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If I'm going to read one Charlotte Mason book,


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I think For the Children's Sake is a great entry book. If it appeals to you, keep going.

 

I find some of the books like Andreola's really misstate what she taught. Anyone who tells you CM is a "gentle education" is reading something I don't see in the original books. (Or defines gentle differently than me.)

Emily

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I think For the Children's Sake is a good introduction, though in a way I prefer the companion book, When Children Love to Learn.  I found it really gave a much greater sense of how it was meant to actually work and how her ideas fit together.  But it might need some minimal sense of what CM education taught.  That could probably be gleaned from online material though.

 

Consider This is about the only systematic treatment as a philosophy of education, and so worthwhile just for that although I have serious reservations about its premise.

 

There are some modernized versions of her own books which you might consider if the originals are too time-consuming for you.

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I really liked Consider This. I just read it over Christmas, and it gave me a good feel for the overall goals of a Classical/CM education and motivation to keep trying to implement it. I've read For the Children's Sake a couple times, but I've never absorbed anything from it. I don't know why--lots of people recommend it, but her books have never resonated with me.

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I thought I didn't have time to read the originals ("they are so dry! they are so long! there are so many of them!") but then I told myself a few weeks ago that any day I had time to browse facebook or come on the WTM forums, I had time to read a chapter of a CM book. I'm almost done with my first book and ordering the second! Also, as I've read on a daily basis (yep, that is how often I'm on FB and the forums) the style has become easier to deal with.

 

Emily

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:iagree:

 

Consider This is a perfect first CM book.  You won't be able to stop with one book, though...so When Children Love to Learn is the 2nd book to read.

 

CT gives the foundational philosophy. WCLtL breaks it down into practical things you can do today. I don't think most people understand the practicals when they haven't first taken the time to understand the philosophy, and then you have lots of problems.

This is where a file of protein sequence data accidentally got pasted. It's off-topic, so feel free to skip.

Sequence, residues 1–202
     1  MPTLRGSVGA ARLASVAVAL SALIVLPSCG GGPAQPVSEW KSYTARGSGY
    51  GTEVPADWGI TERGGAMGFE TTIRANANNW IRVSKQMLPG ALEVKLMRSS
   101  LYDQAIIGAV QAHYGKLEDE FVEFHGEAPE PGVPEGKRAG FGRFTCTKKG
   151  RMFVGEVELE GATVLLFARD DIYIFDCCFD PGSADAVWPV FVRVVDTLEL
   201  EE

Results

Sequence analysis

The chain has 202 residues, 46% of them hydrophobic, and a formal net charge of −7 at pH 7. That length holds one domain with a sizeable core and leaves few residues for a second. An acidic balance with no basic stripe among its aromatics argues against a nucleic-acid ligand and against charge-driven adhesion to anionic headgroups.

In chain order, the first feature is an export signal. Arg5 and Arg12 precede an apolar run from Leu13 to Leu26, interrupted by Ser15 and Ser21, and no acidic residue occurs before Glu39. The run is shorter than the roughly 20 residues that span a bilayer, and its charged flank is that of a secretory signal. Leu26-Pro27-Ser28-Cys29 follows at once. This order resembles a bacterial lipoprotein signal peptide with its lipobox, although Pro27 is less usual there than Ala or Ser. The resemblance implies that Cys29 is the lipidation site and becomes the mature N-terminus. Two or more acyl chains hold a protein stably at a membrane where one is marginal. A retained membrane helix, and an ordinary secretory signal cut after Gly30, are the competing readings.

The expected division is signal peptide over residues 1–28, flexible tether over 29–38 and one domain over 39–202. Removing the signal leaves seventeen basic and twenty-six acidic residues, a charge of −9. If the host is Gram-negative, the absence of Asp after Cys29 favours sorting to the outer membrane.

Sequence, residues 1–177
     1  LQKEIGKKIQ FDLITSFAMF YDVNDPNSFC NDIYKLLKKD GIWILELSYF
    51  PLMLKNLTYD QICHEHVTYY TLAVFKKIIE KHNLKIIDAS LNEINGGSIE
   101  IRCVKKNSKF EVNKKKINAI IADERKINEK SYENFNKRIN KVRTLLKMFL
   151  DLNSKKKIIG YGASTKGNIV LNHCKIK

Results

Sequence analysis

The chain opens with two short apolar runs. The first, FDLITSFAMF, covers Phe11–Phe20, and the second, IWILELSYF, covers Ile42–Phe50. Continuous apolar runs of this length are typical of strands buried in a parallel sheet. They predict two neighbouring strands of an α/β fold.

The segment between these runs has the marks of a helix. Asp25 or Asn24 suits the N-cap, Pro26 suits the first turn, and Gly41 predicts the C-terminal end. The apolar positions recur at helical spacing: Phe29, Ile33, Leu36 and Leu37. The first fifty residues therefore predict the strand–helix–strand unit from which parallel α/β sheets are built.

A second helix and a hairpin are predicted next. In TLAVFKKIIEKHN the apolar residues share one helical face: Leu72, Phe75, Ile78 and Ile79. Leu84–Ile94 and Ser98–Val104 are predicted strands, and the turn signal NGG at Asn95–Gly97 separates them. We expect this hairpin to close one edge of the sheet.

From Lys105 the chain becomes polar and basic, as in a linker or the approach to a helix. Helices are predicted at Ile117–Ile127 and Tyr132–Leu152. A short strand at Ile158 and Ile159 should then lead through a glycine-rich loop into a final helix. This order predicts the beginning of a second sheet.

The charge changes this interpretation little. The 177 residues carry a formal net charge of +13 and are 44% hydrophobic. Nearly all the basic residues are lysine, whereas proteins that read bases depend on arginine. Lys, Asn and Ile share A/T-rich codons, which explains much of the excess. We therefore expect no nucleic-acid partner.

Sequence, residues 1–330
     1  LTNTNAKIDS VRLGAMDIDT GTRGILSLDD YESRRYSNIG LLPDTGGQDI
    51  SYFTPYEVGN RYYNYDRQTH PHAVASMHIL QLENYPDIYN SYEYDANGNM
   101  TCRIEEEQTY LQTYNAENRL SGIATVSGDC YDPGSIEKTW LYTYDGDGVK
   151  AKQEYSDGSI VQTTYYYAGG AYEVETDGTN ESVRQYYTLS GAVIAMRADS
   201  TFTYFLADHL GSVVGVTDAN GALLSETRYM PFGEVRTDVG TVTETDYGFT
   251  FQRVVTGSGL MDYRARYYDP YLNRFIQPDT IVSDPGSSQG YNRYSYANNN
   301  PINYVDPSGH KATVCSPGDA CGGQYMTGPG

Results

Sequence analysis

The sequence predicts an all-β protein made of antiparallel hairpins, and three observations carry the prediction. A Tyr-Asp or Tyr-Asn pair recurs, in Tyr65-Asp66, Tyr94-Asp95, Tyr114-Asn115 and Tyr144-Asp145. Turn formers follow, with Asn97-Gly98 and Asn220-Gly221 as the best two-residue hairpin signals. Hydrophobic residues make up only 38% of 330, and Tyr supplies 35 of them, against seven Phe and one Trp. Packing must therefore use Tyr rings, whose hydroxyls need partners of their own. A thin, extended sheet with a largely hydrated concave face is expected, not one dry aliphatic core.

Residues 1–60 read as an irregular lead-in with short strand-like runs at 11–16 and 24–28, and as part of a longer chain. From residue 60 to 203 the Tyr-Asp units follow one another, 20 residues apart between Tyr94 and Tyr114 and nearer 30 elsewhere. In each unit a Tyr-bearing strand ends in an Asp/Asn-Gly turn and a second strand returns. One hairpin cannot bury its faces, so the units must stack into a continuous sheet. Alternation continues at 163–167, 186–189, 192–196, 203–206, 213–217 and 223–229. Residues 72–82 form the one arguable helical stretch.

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I like For the Children's Sake for dipping your toes in, but I'd really recommend picking one of her volumes (Home Education is a good place to start) and just dabbling in it.  I have my versions on the kindle, so it seems easy to read when I'm snuggled in bed at night, for 10 mins or so.  They aren't quite as onerous as one would think.

 

And honestly I'd also recommend a few websites, such as Ambleside and Charlotte Mason Help and Sage Parnassus, to get the feel of what's what.  I'd avoid booklists/curricula/schedules and just read summaries of the philosophy of education itself and the approach.  Charlotte Mason Help was my favorite back when I was starting to get into CM.  

Edited by pehp
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Circe Institute has several lectures that you can listen to for free.  Circe is a Classical Education organization with a flair that is CM, though not intentionally. The talks about teaching boys who would rather be building forts and the Divine Image, etc...those are all from the same philosophical source where CM drew her inspiration. Cindy Rollins even has some Mason Jar programs specifically about the CM homeschool.  Those are great.

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I found the modern CM paraphrase (over at AO) to be very readable.  (The concise summaries are even shorter... ) 

 

I just popped it on my Kindle (free kindle version here)  and read little bits as I could.  I started on Vol. 6.  Took less time than I thought it would.

 

I also highly recommend the Mason Jar podcasts, or just about anything else that has Cindy Rollins involved in it.  She has a more common sense approach to CM--maybe it has to do with having a large family of boys ;)--well worth a listen.

Edited by Zoo Keeper
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